Tvedten’s brand of pest control has been enthusiastically embraced in the K-12 market, where educators have been alarmed by the ineffectiveness of pesticides and their clear harm to students. “This one school in Ohio, they had kids bleeding out of orifices, and when they hired me, the maintenance guy said, ‘Steve, I don’t think this will get rid of the pests. But neither did the other stuff, and at least this way, we won’t be killing the kids.’”

Ted Tyers, maintenance supervisor for Muskegon Area Intermediate School District, was first introduced to Tvedten a decade ago as supervisor of operations of Fruitport Community Schools through a referral from Grand Haven Area Public Schools. Fruitport had been battling a recurring termite infestation with the help of a local exterminator. The pests kept spreading after every treatment, while kids were going home ill from the lingering fumes.

“We had this feeling of voodoo magic; it seemed so far from the norm of killing something,” Tyers said. “But if we sprayed the poison on Friday, kids would still be going home sick the following Wednesday.”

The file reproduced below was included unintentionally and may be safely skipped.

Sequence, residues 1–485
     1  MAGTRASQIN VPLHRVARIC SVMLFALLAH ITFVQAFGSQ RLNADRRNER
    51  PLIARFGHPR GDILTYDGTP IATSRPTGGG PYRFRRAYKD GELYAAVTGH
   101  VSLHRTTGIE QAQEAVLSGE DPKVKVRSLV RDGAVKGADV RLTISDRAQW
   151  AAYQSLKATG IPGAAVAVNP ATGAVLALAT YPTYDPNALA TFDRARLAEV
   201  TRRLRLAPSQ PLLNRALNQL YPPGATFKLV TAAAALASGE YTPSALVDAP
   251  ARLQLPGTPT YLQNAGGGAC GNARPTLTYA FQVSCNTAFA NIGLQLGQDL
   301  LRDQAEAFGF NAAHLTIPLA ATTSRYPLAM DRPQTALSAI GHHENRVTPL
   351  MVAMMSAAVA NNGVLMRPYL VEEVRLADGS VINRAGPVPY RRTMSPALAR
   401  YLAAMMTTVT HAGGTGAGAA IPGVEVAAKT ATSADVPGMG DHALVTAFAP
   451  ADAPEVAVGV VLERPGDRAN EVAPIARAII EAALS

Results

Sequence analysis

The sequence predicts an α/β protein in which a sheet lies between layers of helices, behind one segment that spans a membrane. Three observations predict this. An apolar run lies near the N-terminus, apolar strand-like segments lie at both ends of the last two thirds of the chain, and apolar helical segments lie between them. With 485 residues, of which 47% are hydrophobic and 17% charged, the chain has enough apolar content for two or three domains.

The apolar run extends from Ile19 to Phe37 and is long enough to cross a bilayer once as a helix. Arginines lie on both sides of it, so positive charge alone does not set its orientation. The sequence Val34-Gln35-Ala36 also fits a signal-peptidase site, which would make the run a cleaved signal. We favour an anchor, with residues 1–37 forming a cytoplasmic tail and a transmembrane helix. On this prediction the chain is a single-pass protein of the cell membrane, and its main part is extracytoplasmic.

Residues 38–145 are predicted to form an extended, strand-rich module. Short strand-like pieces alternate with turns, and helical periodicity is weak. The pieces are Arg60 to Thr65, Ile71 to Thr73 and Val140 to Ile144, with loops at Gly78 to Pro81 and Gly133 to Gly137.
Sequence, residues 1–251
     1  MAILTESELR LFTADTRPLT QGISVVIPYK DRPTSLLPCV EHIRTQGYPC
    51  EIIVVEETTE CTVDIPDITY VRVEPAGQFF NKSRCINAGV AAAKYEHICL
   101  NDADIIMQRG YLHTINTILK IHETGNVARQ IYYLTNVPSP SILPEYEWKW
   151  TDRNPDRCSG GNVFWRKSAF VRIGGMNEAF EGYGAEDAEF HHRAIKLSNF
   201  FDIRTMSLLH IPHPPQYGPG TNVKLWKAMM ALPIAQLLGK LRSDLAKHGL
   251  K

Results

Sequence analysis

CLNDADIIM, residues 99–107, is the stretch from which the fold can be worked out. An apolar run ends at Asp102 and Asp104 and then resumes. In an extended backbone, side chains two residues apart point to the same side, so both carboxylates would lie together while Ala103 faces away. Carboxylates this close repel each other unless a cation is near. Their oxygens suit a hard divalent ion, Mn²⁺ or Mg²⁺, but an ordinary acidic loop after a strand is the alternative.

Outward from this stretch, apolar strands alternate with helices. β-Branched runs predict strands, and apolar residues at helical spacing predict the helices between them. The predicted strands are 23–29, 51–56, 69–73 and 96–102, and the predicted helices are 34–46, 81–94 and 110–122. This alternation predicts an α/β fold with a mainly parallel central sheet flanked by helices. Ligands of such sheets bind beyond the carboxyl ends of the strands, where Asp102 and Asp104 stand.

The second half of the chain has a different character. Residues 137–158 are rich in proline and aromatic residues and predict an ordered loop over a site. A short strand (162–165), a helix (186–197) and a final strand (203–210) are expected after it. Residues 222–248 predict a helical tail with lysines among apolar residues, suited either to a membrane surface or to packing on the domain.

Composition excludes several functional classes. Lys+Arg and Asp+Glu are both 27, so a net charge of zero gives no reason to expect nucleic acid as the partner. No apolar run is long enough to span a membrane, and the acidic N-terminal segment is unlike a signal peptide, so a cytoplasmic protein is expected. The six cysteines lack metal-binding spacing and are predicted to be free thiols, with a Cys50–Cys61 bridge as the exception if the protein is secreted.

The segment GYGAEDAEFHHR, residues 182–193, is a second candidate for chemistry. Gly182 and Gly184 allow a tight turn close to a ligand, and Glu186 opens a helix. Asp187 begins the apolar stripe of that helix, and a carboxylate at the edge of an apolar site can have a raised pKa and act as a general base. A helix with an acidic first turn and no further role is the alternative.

Tvedten placed cardboard treated with boric acid into the infected areas, even creating a terrarium out of a library shelf for use as an impromptu science project. The termites ate the boric acid, harmful to humans but lethal to most insects, and within weeks the infestation was gone.

“Kids now days are pretty much allergic to everything,” said Joe DeMarco, current director of operations at the Fruitport schools. “Some kids can’t even be in the same room with peanut butter. It’s terrible for these kids how companies are putting all these chemicals on things.”

At MAISD, the maintenance staff uses a product similar to Lice R Gone, a peppermint cleanser, to kill bees and wasps. Several districts are on long-term service agreements with Tvedten’s pest-control company, Get Set Inc., which often proves cheaper than the poison alternative. It also avoids the regulatory “red tape” of using pesticides in schools.

Between his various ventures, Tvedten has run into the same basic concern: How can a product kill something and not be dangerous?